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5 Key Takeaways from #NASPA15 to Improve Your Prevention Efforts

Posted by On Friday, March 27, 2015

NASPA was an incredible experience this year. Our discussions with other attendees and all the conference sessions were incredibly fruitful. We are continually impressed with the dedication, thoughtfulness, and expertise of the people working in Student Affairs. It’s a field full of dynamic, innovative practitioners, and, as a result, the field is evolving quickly.

Here are five things we took away from the conference this year.

1.) Don’t Silo Prevention Efforts

One of the most valuable takeaways of any conference like NASPA is the opportunity to share ideas with people not just from other institutions and companies but also people from different departments, initiatives, spaces. This sharing helps us collect new ideas and understand different perspectives. It also helps us discover unexpected synergies and partnerships.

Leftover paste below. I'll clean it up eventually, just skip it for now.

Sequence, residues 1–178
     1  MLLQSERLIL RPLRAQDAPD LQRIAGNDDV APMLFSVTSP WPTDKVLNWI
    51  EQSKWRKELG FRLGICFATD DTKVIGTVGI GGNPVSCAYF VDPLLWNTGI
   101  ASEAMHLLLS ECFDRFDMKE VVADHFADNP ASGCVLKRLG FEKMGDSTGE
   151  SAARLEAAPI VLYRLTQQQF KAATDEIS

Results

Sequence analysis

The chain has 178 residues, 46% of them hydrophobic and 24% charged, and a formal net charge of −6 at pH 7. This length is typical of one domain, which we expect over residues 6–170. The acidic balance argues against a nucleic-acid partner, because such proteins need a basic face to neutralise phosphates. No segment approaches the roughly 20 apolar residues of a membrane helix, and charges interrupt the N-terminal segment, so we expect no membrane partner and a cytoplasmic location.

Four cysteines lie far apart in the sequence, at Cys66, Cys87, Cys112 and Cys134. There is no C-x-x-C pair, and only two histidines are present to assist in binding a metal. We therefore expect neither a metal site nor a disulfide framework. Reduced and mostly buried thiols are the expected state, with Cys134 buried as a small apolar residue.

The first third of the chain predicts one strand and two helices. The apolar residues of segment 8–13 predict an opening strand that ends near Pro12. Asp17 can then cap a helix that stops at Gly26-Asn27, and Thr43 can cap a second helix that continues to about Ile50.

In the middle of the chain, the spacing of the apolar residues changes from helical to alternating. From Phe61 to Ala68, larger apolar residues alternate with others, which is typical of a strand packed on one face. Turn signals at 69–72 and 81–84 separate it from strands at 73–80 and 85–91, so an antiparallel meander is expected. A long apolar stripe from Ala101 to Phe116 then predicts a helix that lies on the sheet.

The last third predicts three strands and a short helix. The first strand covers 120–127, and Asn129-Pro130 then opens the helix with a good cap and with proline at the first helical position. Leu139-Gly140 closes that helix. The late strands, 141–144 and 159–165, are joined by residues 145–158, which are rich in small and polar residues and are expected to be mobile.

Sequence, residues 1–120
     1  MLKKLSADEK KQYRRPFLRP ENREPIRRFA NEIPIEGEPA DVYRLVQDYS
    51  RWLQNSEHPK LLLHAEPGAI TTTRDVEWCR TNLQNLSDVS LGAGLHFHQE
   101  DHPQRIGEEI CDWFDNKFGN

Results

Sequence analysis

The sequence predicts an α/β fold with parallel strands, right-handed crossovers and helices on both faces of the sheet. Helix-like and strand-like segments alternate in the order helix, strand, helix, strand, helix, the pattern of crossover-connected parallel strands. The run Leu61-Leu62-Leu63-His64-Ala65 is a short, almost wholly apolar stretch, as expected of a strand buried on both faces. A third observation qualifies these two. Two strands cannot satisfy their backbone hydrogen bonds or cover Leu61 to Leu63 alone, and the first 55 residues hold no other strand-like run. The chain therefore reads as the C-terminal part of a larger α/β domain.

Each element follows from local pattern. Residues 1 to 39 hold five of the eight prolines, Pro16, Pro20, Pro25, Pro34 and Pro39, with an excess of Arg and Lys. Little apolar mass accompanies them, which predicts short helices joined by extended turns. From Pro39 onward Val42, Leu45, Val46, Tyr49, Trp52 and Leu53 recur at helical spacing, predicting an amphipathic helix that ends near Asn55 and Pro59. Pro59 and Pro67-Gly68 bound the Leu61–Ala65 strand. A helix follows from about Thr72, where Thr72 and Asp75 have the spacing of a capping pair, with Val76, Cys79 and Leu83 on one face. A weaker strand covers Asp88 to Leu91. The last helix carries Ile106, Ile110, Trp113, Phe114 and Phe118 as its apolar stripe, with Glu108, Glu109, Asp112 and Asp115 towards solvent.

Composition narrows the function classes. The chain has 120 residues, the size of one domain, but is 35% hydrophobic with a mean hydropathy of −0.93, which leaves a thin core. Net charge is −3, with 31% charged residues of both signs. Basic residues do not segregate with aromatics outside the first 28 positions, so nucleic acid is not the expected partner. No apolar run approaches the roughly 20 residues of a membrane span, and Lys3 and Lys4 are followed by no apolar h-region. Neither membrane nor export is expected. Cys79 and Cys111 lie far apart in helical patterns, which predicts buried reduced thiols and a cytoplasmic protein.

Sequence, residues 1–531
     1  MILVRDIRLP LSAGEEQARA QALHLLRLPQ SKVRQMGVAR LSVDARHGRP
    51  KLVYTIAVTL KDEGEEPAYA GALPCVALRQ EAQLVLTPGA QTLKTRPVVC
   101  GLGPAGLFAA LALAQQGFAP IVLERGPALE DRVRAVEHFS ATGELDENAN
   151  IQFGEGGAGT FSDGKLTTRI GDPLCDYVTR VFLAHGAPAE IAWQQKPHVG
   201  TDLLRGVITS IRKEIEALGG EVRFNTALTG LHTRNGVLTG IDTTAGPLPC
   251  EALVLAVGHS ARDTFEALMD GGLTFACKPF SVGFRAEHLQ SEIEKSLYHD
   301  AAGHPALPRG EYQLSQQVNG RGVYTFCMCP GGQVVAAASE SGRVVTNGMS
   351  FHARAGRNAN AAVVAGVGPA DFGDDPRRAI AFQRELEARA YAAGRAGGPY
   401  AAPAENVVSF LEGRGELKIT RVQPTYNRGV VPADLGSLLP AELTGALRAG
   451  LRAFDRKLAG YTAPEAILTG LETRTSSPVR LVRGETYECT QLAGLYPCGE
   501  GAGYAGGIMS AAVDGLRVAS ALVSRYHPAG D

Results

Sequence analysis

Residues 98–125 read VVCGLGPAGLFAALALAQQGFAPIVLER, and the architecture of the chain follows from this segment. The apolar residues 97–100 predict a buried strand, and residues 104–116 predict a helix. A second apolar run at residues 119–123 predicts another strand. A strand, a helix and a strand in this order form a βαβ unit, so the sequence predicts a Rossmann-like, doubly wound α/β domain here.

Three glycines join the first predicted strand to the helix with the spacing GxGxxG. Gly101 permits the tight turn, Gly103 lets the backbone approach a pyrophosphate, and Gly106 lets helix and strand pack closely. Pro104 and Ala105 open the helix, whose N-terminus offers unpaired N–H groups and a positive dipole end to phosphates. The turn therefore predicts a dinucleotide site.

We built Think About It to address both substance abuse and sexual violence prevention because research suggested the two issues were deeply interconnected. At USF, they saw this connection and understood that one course was necessary. Similarly, one message we heard again and again this year was the importance of seeing connections between different prevention efforts.

For example, in their presentation, “Hazing, Bullying, and Sexual Violence: Connecting the Dots for Prevention,” Jane Stapleton and Elizabeth Allan suggested that recent research has highlighted the interconnection between Hazing and Sexualized Violence. But while sexualized violence is an important topic and at the center of numerous initiatives on campuses across the country, hazing remains in the shadows. Allan and Stapleton’s thesis was that the kinds of campus or student cultures that encourage hazing also support sexualized violence, and therefore it was important to address the two together. According to Allan and Stapleton, both sexualized violence and hazing involve 1) power and control, 2) issues of consent, 3) rigid gender norms, 4) the normalization of maltreatment, and 5) community norms that silence victims.